Soon after noticing this pattern, I visited a company that was in the 150-defect range. I was fascinated with their manager's reaction when I told him about the 0.2-defect clients. First he simply denied that this could be true. When I documented it, he said: "Those people must be doing very simple projects, as you can see from their low defect rates."
When I showed that they were actually doing objectively harder projects, he reacted: "Well, it must cost them a lot more than we're able to pay for software."
When I pointed out that it actually costs them less to produce higher quality, he politely decided not to contract for my services, saying: "Evidently, you don't understand our problem."
Of course, I understood his problem only too well—and he was it. He believed he knew how to develop software, and he did—at an incredibly high cost to his users.
His belief closed his mind to the possibility of learning anything else about the subject. Nowadays, lots of managers know how to develop software—but they each know different things. One of the signs of immaturity is how insular we are, and how insecure we are with the idea of learning from other people.
Another sign of immaturity is the inability to transfer theoretical knowledge into practice. When I spill barbecue sauce on books, it's not because I think it will improve the books. I know perfectly well what I should do. But I can't seem to carry it out. When I was a teenage driver, I knew perfectly well I shouldn't have accidents, but on the way home from earning my driver's license, I smashed into a parked car. (I had been distracted by a teenage girl on the sidewalk.) I was immature because even though I knew better than to gawk at pretty girls while driving, I had an accident anyway.
The simple fact was that we already knew hundreds of things about software development, but we were not putting those ideas into practice. Forty years later, we're still not putting many of them into practice. Why not? The principal reason is that our managers are often not very good at what they are supposed to do—managing. In Barry Boehm's studies, the one factor that stood above all the others as a cause of costly software was "poor management." Yet neither Boehm nor any of the other writers on estimating had anything to say on how to make good managers—or get rid of bad ones.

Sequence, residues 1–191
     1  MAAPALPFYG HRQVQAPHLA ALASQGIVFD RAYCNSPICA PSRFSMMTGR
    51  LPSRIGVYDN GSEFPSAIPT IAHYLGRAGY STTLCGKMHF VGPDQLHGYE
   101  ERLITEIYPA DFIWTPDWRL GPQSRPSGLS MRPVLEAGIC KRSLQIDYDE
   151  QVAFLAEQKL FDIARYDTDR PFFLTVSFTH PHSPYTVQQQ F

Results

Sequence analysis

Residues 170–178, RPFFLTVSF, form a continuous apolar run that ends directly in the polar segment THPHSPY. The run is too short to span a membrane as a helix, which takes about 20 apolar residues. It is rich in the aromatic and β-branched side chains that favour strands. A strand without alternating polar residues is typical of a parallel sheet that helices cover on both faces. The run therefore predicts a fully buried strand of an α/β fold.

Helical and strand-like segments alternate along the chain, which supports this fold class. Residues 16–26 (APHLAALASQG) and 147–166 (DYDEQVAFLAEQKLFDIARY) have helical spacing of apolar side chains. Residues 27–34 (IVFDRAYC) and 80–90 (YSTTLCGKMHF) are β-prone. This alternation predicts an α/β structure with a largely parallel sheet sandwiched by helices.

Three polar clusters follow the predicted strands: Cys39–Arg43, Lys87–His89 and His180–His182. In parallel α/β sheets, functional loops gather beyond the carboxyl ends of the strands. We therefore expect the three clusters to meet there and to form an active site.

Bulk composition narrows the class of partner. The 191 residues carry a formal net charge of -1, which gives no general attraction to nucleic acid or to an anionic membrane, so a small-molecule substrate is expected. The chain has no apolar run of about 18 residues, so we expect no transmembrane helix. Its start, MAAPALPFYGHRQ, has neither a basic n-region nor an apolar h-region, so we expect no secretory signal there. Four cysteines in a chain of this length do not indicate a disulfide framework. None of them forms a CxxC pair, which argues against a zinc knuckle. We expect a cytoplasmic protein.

Better estimating of software development could give us a standard for detecting the terrible managers. At the same time, however, it may give us a standard behind which the merely mediocre managers can hide.
Using estimates well
So, if you want to be a better manager, how do you use estimates effectively?
Any estimate is based on a model of what you're estimating. The model will have a number of parameters that characterize the situation. In the case of estimating a software project, parameters of the estimate might include
• number of programming languages to be used
• experience level of development staff
• use of formal code reviews
• characteristic error rate per function point
• many other factors
Suppose, for example, the project has six teams, each of which prefers to use a different programming language. Up to now, you've tolerated this mixture of languages because you don't want to offend any of the teams. Your estimating model, however, tells you that reducing the number of languages will reduce risk and speed up the project. On the other hand, if you try to eliminate one of the languages, your model tells you that a team with less experience in a new language will increase risk. By exploring different values of these parameters, you can learn whether it's worthwhile to convert some of the teams to a common language.
To take another example, you've avoided using formal code reviews because you believe they will add time to the schedule. Studying your estimating tool, however, shows you that use of formal reviews will reduce the rate of errors reaching your testing team. The estimating model can then show you how the rate of errors influences the time spent testing to find and correct those errors.
Many poor managers believe an estimating model is a tool for clubbing their workers over the head to make them work faster. Instead, it's a tool for clubbing yourself over the head as a guide to making wise large scale management decisions.